Urban-rural differences in religious commitment are not as pronounced. But in Eastern Europe, in particular, those who live in rural areas are considerably more religious than urban dwellers. This is especially the case in Poland. About four-in-ten Poles in rural areas say religion is very important to them (42%), compared with 28% in urban parts of the country. And while 59% in rural areas report attending religious services at least once a week, just 36% of those in urban centers say the same.

Religion and Political Life

Publics in six of the eight former Iron Curtain countries surveyed are satisfied with the extent to which religious institutions play a role in their country’s political life. Majorities in Russia (58%), Lithuania (55%), the Czech Republic (54%), Ukraine (54%) and Slovakia (52%) say churches play about the right role in their country’s politics, as do half of Hungarians.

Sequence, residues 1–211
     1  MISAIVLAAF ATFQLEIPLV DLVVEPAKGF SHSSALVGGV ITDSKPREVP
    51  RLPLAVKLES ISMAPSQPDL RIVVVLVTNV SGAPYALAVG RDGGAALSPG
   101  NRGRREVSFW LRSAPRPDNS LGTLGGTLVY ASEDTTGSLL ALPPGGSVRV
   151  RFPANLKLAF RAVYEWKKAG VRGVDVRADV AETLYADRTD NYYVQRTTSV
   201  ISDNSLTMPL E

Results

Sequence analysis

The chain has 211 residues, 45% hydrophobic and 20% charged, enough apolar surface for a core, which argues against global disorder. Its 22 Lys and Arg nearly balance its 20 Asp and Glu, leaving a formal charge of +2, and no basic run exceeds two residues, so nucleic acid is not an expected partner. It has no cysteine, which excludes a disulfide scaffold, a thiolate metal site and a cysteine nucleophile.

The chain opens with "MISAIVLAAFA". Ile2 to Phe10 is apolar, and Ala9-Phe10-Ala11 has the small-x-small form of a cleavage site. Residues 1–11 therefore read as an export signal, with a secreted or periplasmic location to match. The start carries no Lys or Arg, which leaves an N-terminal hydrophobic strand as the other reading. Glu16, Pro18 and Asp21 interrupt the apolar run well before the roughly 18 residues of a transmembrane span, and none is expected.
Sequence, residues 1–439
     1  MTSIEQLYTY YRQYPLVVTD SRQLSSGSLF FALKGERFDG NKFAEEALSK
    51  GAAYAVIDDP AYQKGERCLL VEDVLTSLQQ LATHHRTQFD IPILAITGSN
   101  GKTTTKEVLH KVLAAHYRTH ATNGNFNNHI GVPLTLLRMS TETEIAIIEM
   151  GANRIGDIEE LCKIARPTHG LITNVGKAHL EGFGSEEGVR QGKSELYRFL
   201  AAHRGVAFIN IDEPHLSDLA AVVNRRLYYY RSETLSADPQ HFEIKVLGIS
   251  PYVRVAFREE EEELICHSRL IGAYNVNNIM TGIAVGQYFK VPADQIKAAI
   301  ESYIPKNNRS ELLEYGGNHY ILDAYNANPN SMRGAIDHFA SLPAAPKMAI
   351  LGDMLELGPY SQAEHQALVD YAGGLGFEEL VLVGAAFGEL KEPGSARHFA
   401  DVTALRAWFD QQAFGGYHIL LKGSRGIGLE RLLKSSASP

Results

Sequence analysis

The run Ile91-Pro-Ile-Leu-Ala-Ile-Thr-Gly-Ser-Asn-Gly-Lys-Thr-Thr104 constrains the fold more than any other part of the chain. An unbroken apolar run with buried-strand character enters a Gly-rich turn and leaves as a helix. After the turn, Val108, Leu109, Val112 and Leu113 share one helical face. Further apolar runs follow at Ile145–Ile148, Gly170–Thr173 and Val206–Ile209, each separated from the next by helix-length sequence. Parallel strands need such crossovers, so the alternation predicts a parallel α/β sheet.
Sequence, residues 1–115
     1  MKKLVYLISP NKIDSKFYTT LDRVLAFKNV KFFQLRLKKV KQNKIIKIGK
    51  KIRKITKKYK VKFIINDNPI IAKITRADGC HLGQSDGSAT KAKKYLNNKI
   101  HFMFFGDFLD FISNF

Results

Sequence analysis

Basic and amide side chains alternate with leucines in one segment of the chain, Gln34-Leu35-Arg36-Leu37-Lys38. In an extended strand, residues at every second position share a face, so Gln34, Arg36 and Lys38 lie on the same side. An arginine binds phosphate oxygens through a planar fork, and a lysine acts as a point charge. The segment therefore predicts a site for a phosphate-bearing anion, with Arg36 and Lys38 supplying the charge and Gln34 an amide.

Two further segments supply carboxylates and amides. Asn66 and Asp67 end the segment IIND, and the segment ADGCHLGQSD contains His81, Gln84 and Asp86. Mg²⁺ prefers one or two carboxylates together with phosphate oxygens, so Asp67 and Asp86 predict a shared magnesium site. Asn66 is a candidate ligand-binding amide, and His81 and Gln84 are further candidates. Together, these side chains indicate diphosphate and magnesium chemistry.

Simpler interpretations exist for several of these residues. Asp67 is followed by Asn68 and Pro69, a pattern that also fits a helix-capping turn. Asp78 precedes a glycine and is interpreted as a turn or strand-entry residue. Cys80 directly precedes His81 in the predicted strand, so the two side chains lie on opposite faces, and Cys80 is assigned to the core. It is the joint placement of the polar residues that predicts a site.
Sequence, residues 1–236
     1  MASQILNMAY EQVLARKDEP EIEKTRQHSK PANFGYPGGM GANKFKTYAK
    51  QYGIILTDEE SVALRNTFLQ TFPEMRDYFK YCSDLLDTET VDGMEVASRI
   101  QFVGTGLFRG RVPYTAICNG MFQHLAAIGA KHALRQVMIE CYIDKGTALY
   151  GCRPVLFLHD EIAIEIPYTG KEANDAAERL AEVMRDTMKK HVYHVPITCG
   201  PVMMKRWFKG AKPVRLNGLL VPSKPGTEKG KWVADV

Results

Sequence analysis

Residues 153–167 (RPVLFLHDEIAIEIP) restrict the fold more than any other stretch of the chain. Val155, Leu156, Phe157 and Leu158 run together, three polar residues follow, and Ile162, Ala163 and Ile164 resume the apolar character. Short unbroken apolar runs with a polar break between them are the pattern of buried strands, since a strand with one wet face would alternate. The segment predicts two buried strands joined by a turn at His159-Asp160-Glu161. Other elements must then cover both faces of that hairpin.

In Bulgaria, however, half say that churches play too small a role in the political life of their country, while 29% say it is about right. This view is shared across demographic groups, although those who have attended college are more likely than those who have not to say that churches play too small a role in Bulgarian politics (59% vs. 47%).

By contrast, in Poland, where the Catholic Church’s influence is evident in the country’s strict anti-abortion laws and in its acceptance of religious teaching in public schools, 54% say churches play too great a role in Poland’s political life, while 33% say they play about the right role. In 1991, more Poles (70%) said churches played too great a role in political life.